If you are declared bankrupt, most of your assets vest in the trustee in bankruptcy. That means you cease to own these assets. The trustee will sell assets to repay debts owed by the bankrupt to creditors. The trustee may also control of the bankrupt’s bank accounts, lottery winnings or shares.
However, there are some assets the bankrupt can retain, such as:
- Everyday household items.
- Tools up to the value of $3,800.
- A car or motorbike used mainly for transport up to the value of $8,000.
- Superannuation (in most circumstances).
The trustee will also become the owner of the bankrupt’s share of any real estate, including the family home (“property”). The trustee will determine how to deal with the property and will consider:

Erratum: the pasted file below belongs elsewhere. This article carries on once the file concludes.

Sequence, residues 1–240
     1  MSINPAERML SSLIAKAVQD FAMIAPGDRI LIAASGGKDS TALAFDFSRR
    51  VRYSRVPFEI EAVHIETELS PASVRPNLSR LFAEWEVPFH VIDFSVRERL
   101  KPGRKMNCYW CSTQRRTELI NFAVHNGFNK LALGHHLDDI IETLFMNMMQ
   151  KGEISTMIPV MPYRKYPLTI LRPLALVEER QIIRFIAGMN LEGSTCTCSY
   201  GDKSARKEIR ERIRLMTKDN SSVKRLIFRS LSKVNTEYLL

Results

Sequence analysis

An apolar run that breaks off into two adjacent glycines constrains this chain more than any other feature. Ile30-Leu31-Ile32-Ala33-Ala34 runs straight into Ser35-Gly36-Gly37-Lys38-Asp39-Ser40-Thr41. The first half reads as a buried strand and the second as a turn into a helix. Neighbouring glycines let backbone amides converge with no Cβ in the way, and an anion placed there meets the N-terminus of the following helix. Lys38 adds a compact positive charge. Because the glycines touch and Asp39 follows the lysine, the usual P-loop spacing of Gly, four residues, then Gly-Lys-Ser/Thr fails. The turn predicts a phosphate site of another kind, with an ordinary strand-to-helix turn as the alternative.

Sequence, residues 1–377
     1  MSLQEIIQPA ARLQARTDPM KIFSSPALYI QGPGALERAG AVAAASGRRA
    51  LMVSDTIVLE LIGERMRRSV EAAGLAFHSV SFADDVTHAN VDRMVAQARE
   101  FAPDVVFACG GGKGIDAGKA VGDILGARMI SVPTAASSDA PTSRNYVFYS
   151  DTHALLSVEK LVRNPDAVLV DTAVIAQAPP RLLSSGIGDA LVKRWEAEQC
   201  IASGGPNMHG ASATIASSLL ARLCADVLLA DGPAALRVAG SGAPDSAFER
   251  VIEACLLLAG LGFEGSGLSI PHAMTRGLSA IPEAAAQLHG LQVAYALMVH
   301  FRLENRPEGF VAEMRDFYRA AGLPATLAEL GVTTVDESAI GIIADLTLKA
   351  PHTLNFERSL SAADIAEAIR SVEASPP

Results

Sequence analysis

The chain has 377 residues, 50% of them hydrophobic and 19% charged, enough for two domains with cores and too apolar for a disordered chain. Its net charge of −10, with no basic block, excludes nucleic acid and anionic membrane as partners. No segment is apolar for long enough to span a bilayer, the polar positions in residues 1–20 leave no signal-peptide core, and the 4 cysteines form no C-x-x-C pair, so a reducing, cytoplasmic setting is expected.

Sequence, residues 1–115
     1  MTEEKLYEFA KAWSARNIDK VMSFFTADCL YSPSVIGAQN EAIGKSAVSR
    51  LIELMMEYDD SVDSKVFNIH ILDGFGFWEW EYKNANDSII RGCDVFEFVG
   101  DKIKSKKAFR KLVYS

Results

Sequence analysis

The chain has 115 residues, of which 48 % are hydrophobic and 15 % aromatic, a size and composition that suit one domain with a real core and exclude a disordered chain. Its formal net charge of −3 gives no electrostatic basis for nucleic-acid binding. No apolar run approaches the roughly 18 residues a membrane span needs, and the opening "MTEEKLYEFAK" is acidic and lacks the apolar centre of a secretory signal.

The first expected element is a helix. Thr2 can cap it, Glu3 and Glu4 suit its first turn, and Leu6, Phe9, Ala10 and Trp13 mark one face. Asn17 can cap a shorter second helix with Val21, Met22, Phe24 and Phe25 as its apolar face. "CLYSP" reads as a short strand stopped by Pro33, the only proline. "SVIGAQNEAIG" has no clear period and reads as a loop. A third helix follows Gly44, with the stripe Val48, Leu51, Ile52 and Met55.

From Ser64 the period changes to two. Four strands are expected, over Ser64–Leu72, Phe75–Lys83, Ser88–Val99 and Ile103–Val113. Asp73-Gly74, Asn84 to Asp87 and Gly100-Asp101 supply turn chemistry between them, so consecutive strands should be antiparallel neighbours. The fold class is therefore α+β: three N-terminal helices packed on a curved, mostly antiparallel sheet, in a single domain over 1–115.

- the value of the property.
- how much a mortgagee is owed.
- what are the mortgagee’s intentions.
- the number of co-owners and their intentions.
If your house is jointly owned, then the trustee only becomes the owner the share owned by the bankrupt. The co-owner however, will not be able to sell, transfer or otherwise deal with the property without the consent of the trustee.
If the bankrupt is employed then he or she is entitled to retain $59,031.70 per annum (after tax) from any wage. Any amount received over this amount, half of it will be paid to the trustee to pay the creditors until such time as the bankrupt is discharged from bankruptcy (usually, after 3 years and 1 day) or the debts of the bankrupt are paid in full.